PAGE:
Keith Sisman Ramse
y church of Christ, England - Traces of the Kingdom
Dr. Daniel Featley (1578-1645), author of the
Portrait above taken from the fourth, 1646, edition of the Dippers dipt.
2Pe 2:1 But there were false prophets also among the people, even as there shall be false teachers among you, who privily shall bring in damnable heresies, even denying the Lord that bought them, and bring upon themselves swift destruction.
Dr Daniel Featley (also known as Richard or Daniel Fairclough, other spelling includes Danielis Featlei), he was an adversary of the Lord’s Church during the early to mid 1600s, writing against them. He was an Anglican theologian of some considerable renown. He was born 1578 in Charlton, Oxfordshire — he died April 17, 1645 in Chelsea, London.
From Featley, a witness to existence of the church in the early seventeenth century is from whom we learn of some of their beliefs. He wrote about the church before and during the time some apostasied into Calvinism and later becoming the forerunners of the many Baptist denominations.
Featley was a scholar of Corpus Christi College, Oxford, and probationer fellow in 1602, after which he went to the court of Henry IV of France as chaplain to the English ambassador.
Featley was involved in the translation of the 1611 King James Version of the Bible. He served on the "First Oxford Company", responsible for the later books of the Old Testament, beginning of Isaiah to the end of the OT). Featley is listed under the pseudonym “Daniel Fairclough” in the list of translators, he was aged 26 being the youngest by far, which may explain why he hid his identity.
For some years Featley was co-chaplain with Thomas Goad to George Abbot, Archbishop of Canterbury, and held also the London rectories of Lambeth (1619), Allhallows, Bread Street (c. 1622), and Acton (1627), this last after leaving the archbishop's service in 1625.
Featley was also a chaplain in ordinary to Charles I of England, and was appointed provost of Chelsea College in 1630. In 1641 he sat on a subcommittee to settle religion. In the course of this work he had a disputation with four members of the Church of Christ on October 17, 1642 who he called “anabaptists” at Southwark (South London), which he commemorated in his book The Dippers dipt or the Anabaplists dunckt and plunged over head and ears (1645). At the time of the "disputation" in 1642 the majority of the churches of Christ were not Calvinist. The Baptist Church denomination and calling men Baptists had not started. Therefore Featley antagonistic to the Lord's Church offers a wonderful glimpse of the church in the 1600s before the apostasy set in that lead to the various Baptist denominations.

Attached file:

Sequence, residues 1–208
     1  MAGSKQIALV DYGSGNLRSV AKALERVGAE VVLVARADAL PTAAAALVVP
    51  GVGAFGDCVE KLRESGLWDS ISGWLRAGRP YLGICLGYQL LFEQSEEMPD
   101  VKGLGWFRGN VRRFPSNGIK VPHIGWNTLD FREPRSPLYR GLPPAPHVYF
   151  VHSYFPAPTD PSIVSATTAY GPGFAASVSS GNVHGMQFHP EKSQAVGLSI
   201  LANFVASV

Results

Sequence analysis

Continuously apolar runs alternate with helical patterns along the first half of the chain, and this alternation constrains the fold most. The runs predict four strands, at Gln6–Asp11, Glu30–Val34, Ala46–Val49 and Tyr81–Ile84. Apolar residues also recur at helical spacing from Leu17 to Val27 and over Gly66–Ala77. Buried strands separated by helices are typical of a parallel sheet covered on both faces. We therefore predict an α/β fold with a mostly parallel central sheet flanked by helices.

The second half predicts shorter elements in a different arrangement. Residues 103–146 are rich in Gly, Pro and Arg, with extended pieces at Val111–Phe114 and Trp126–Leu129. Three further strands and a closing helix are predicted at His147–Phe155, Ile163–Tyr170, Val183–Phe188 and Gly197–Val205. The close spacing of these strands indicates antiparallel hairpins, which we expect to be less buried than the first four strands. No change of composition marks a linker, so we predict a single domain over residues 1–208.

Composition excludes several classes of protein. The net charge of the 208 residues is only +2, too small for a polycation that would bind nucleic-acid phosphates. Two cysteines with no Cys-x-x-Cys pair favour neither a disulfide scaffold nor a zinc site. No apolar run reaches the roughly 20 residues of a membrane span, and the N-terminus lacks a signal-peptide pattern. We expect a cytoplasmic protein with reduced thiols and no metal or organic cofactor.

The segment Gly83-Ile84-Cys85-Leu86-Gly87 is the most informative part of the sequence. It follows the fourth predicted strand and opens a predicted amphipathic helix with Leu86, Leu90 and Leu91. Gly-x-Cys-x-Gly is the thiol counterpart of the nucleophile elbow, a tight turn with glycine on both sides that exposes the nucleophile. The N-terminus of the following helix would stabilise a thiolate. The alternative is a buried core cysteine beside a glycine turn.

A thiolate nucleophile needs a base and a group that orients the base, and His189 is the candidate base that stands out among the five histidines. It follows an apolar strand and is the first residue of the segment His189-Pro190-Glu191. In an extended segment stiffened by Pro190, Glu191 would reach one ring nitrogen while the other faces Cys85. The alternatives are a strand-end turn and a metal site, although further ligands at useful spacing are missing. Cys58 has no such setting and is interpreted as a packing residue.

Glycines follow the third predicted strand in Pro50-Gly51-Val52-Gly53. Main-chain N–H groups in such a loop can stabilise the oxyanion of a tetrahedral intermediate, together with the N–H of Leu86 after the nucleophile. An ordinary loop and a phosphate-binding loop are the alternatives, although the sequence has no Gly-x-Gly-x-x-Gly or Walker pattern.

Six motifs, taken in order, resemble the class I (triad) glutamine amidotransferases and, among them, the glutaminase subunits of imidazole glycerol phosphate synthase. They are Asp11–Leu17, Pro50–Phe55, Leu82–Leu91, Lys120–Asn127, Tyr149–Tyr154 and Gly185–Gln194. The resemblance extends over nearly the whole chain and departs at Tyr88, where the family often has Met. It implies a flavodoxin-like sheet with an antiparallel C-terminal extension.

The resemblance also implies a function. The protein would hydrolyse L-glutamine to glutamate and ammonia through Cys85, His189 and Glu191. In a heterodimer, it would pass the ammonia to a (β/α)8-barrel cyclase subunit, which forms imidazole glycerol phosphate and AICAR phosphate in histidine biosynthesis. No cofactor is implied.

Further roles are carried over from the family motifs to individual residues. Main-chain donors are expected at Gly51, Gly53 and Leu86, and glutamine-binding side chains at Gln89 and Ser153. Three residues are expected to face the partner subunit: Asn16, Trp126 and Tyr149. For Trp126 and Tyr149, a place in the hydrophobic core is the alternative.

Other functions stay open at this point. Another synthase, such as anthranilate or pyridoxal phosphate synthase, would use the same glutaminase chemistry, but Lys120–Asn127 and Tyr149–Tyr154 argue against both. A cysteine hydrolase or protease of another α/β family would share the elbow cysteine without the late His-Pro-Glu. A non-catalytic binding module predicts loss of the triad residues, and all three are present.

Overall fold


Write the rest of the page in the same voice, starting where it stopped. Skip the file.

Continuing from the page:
One of his adversaries he names as Cuffin, who was probably William Kiffin who two years later was preaching at the church in Devonshire Square, where he served until his death in 1701. Kiffin was a wealthy London merchant with great standing in the community and with king Charles II. The king appointed him to public office as an alderman of London, a Lord Lieutenant and a magistrate though he seldom exercised these offices. Kiffin became in time associated with the churches who became Calvinistic. Kiffin was baptised in about 1639, three years before the disputation. The names of the other three are not mentioned. After the restoration on the monarchy in 1658, Kiffin found himself in prison several times for brief periods before becoming a friend of Charles 11. For instance, in 1664 he was able to rescue twelve members of the church (non-Calvinistic), who had been sentenced to death for participating in an illegal conventicle (church).
Kiffin was one of the prime agents for spreading Calvinism into the churches of Christ in the later part of the seventeenth century. He and others had a nationwide strategy, these congregations so converted later wore the identity - Baptist, and their members - Baptists. When Kiffin was baptised the church was opposed to Calvinism, wore the identity - Church of Christ and its members - Christians.
Above, Southwark Cathedral with London Bridge, in the background behind the bridge is where the Bell Alley (Coleman Street), Newgate and Bow Lane congregations met. Picture by the Dutch artist, Claes Van Vissche, engraved in 1611. It was here that the disputation at Southwark took place.
Featley sat in the Westminster Assembly of 1643 and was the last of the Episcopal (Anglican) members to remain. For revealing its proceedings to Archbishop Usher, who was with the King (Charles 1). For this he was expelled and imprisoned in 1643. Even whilst in prison Parliament, now under control of the Calvinists (Puritans) could find no adequate defender of the faith amongst their own ranks and begged the imprisoned Featley to help them in their anti-papist campaign. Featley rose to the occasion despite being denied access to his library, which had been confiscated. Shortly afterwards he was allowed home to Chelsea due to his ill health, where he died on April 17, 1645. Whilst in prison Featley met the evangelist Henry Denne, who too was in prison for preaching and baptising.